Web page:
The Horrors Of War - And Response (2)

Thursday, June 5, 2014

As Dire Straits would say, “Through these fields of destruction, baptisms of fire, I’ve witnessed your suffering.”

The horrors of war pass most of us by without any scarring, any deep thought, but as a child of an injured Normandy invasion soldier, I always thought about wars, any war. 

As a young child, I only knew that we never watched war movies and that my dad had a Purple Heart but I didn’t know his story. As years passed and maybe some of the PTSD, he started talking, maybe he knew when we would be able to understand, but maybe he was just ready to tell the horror of his day. He was on the front lines with the Third Division and had lived through the Omaha beach landing in the Normandy invasion, but a battle up the road, beyond Paris, in a town near the Rhine River, would prove to be his life changing moment.

In mid-August, 1944, he was hit by mortar fire in his left knee. Well, the battle had to continue so he was left behind. His brothers in arms told him to hang on, the medic instructed him how to hang on, as he waited behind the dreaded hedgerow. He spent the day tying a tourniquet on and off, holding on to their words; true words, his brothers returned.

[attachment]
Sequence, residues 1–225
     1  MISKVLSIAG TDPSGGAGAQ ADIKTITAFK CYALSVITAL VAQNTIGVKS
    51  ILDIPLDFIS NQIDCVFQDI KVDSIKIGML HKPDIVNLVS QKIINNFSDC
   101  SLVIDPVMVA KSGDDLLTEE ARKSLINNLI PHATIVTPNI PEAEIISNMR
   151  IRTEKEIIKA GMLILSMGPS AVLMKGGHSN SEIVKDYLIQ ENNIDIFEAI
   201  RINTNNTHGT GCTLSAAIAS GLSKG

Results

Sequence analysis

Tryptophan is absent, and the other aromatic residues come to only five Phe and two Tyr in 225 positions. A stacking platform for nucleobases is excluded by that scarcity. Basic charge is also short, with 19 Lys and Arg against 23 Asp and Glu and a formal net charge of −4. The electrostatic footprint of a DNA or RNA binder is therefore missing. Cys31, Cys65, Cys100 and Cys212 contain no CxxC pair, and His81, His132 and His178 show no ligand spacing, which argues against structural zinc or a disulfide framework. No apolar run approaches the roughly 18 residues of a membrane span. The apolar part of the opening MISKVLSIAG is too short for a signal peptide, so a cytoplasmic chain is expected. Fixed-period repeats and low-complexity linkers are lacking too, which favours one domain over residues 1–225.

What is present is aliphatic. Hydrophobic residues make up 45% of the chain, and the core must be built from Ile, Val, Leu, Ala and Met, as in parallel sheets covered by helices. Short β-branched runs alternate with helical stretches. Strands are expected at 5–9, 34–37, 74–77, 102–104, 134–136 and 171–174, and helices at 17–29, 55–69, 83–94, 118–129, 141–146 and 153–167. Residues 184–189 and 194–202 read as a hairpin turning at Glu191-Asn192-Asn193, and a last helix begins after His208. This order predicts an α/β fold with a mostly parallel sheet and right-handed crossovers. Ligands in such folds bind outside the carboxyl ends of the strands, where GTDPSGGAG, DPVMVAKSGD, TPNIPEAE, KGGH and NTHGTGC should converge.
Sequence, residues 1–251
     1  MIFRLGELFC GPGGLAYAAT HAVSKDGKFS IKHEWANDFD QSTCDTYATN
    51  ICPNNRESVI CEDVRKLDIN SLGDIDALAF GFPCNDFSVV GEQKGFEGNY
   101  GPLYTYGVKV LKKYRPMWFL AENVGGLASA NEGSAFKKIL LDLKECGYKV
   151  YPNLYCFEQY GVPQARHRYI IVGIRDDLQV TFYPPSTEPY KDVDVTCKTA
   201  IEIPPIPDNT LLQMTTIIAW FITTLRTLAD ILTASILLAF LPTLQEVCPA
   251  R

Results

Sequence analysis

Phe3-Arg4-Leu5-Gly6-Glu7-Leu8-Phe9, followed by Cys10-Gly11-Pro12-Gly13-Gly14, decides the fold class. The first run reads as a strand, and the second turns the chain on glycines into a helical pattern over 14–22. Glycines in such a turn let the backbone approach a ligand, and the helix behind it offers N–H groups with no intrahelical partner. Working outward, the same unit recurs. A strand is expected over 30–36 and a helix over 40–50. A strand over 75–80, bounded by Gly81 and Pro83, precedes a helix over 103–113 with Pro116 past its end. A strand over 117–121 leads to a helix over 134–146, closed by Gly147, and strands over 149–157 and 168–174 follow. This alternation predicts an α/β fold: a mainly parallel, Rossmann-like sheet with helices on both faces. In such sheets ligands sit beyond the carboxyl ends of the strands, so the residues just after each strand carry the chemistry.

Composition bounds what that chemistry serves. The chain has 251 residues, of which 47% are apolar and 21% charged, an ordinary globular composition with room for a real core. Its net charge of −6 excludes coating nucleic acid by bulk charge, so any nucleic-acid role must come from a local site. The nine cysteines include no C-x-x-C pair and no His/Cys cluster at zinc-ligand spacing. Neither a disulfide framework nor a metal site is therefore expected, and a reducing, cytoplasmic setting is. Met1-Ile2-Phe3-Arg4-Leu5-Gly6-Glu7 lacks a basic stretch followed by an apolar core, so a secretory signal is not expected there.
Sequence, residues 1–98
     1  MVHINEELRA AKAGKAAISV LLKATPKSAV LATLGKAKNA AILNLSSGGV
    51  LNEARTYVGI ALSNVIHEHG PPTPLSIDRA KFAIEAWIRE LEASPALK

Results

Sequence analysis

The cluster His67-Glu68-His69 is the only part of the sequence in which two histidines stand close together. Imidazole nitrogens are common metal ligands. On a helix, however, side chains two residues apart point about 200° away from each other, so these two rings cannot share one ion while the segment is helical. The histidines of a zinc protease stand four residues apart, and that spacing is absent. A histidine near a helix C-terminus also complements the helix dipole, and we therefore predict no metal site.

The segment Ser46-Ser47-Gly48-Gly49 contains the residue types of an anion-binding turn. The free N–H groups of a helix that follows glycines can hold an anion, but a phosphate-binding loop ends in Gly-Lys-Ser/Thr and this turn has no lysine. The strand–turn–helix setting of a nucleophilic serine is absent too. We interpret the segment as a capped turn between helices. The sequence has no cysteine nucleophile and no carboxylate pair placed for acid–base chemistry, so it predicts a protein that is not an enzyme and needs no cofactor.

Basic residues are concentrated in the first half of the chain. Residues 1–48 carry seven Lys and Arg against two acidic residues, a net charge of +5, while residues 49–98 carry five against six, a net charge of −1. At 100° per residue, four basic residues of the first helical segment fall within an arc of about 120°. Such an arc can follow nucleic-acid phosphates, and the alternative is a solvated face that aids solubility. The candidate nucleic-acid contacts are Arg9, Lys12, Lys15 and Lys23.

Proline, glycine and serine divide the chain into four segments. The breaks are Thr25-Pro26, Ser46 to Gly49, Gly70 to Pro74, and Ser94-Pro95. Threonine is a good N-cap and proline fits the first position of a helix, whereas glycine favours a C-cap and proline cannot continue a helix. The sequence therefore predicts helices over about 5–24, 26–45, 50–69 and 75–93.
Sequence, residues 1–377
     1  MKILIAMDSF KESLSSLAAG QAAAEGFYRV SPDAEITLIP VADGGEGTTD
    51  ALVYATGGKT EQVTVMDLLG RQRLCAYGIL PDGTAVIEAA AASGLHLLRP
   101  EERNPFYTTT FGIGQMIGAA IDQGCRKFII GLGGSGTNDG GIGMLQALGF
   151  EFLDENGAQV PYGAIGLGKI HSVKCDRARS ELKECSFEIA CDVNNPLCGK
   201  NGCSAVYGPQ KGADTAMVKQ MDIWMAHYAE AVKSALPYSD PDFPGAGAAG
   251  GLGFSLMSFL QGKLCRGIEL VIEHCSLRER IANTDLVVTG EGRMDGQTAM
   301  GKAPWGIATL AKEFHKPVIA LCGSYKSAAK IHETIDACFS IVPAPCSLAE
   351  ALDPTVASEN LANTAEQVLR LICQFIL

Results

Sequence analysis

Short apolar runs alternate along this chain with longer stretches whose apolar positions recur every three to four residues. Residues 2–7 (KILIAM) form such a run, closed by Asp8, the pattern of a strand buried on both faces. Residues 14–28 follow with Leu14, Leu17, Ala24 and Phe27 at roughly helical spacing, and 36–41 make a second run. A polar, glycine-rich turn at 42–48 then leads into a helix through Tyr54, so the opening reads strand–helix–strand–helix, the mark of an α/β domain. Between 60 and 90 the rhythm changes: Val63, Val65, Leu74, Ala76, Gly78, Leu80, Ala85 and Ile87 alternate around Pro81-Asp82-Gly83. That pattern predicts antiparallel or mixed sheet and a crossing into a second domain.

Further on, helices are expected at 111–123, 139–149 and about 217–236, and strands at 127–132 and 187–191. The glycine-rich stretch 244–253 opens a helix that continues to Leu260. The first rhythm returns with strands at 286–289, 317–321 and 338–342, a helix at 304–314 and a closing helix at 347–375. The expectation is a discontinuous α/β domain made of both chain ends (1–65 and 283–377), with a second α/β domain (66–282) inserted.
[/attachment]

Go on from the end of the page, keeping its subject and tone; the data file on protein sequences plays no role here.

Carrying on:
He was flown to a hospital in England where he would spend four months, and met Bob Hope on one of his USO tours. His leg was badly injured, most likely needing an amputation. The surgeon gave him the news. My dad said, “Doc, do you think you can save it?” He did save it, the leg still has the same pins that have held it together for 70 years. Does it hurt? Yes. Does the other leg hurt due to extra work? Yes. Does he complain or take medicine? No, he still takes a daily walk (weather permitting). 

He will be 93 on June 19 and yes, he is one great guy that lived to tell his story to his family. A family he wouldn’t have unless his brothers in arms hadn’t returned. Many times, a songwriter says it best, please listen to “Brothers in Arms” by Dire Straits. The song makes me cry, I only ask you to think when you hear it. 

Darlene Doak 

* * * 

Dear Ms. Doak, 

Please hurry over to you Daddy's house and grab a hold of him and squeeze. Do it for me and for everybody in America. We owe these great people so much and time is quickly running out. Hurry.  

What a man! God bless him and thank you so much for sharing that with us. 

Savage Glascock

* * *

Ms. Doak,
 
Your daddy is my hero.  If I knew where he lived I would drive over just to thank him for his bravery and commitment to our country.   

I don't have to be from a military family to understand the meaning of "Brothers in Arms.'  I've listened to Dire Straits for 30 years and am still moved to tears every time I hear this beautiful song.  

Mr. Glascock is right...we do owe the greatest generation everything we enjoy today.  Most notably, our freedom.  

Donna Brocato



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